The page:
Before the COVID-19 pandemic began, hospital closures were increasing in rural communities across the nation: 116 rural hospitals closed between 2010 and 2019. Over the past two years, federal relief has helped stabilize facilities, and the pace of closures slowed. However, this assistance was temporary, and rural hospitals continue to struggle financially and to recruit and retain nurses and other health care employees.
Against this backdrop, the Bipartisan Policy Center (BPC) conducted a series of interviews over the last year with rural hospital leaders from eight states—Iowa, Minnesota, Montana, Nebraska, Nevada, North Dakota, South Dakota, and Wyoming—as well as with health policy experts from federal and state government, national organizations, provider organizations, and academia. The goal was to gain on-the-ground insights into today’s rural health care landscape, where the population is older, sicker, and less likely to be insured or seek preventive services than in urban areas.
Today in rural America, roughly 1 out of every 3 individuals are enrolled in the Medicare program and nearly 1 in 4 individuals under age 65 rely on Medicaid as their primary source of health care coverage. Although all payers should be part of the solution in ensuring access to quality rural health care, this report largely focuses on strengthening rural health care delivery in Medicare and Medicaid given the outsized role these public programs play in rural communities.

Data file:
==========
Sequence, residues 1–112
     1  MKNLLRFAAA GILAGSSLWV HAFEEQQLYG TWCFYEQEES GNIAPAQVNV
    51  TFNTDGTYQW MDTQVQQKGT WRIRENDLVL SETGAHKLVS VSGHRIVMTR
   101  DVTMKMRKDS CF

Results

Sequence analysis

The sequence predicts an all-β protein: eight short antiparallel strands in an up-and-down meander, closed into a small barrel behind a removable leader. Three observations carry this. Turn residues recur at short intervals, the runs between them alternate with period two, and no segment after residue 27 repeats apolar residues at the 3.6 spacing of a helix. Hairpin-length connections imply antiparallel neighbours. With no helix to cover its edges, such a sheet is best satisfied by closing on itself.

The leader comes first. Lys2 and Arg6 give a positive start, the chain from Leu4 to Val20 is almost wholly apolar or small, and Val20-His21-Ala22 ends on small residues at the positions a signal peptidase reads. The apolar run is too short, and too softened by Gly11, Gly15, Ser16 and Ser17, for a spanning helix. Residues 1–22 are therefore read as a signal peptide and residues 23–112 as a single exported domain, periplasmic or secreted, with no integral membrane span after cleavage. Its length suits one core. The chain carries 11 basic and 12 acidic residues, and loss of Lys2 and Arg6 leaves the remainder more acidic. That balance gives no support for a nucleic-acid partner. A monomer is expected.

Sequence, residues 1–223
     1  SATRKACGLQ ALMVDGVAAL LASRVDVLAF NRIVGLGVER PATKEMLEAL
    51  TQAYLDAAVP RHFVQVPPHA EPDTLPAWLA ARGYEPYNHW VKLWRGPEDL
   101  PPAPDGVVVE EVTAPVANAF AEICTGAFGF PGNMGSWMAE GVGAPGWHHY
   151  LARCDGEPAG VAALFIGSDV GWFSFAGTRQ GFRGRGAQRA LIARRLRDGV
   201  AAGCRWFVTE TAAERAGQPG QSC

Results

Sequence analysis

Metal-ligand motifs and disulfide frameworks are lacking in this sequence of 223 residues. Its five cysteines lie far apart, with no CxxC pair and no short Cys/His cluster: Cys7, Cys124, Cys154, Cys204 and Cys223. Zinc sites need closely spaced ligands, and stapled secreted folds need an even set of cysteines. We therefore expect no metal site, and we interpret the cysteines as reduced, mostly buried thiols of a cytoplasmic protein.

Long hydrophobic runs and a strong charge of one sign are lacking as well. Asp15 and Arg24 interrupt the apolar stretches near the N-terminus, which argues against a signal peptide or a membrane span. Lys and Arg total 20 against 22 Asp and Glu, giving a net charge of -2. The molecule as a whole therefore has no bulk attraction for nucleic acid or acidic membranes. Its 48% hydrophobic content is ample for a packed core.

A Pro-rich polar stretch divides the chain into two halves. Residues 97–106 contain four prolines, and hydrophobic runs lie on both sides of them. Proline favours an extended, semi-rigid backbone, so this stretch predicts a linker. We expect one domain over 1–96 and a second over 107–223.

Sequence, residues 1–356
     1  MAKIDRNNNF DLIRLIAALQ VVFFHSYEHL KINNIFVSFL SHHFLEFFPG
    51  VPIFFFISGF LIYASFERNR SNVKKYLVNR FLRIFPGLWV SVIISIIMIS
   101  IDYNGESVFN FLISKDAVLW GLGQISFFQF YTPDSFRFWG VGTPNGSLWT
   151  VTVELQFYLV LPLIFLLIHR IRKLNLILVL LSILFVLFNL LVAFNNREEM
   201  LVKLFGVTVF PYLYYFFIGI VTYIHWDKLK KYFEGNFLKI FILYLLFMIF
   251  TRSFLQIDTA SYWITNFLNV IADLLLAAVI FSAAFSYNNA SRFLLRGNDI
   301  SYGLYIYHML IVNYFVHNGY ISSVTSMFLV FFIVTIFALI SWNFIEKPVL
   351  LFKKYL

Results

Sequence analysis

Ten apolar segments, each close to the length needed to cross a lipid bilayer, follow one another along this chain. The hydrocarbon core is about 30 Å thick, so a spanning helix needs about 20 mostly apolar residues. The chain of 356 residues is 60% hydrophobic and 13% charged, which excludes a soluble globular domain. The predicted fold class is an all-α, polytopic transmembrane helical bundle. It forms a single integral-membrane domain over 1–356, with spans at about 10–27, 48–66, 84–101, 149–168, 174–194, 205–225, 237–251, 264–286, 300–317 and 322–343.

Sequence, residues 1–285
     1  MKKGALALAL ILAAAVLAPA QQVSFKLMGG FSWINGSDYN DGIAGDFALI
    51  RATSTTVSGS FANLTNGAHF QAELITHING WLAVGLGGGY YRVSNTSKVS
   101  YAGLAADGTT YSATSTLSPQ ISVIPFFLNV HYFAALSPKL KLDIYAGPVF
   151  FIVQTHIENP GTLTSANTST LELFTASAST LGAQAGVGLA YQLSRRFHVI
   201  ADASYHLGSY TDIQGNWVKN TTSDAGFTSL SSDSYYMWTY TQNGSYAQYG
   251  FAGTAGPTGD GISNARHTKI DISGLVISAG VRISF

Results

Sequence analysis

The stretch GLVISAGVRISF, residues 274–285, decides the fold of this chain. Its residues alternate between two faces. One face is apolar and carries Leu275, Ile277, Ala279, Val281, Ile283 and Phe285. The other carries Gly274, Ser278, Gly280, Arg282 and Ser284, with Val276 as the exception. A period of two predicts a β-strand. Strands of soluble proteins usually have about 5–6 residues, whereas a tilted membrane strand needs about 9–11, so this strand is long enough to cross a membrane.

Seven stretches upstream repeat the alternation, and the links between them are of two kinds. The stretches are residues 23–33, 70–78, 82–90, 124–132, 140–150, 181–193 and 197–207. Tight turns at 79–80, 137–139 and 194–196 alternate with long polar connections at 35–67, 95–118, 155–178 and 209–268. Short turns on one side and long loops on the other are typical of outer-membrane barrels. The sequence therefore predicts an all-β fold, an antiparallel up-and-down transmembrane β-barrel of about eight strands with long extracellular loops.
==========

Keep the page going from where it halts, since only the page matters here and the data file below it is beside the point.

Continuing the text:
BPC assessed financial vulnerability across multiple domains and found that out of 2,176 rural hospitals, 441 face three or more concurrent financial risk factors, putting them at risk of service reduction or closure. Financial risk factors included: negative total operating margin, negative operating margin on patient services alone, negative current net assets, and negative total net assets.
(2) Hospital closures have multiple, significant impacts, (emphasis added):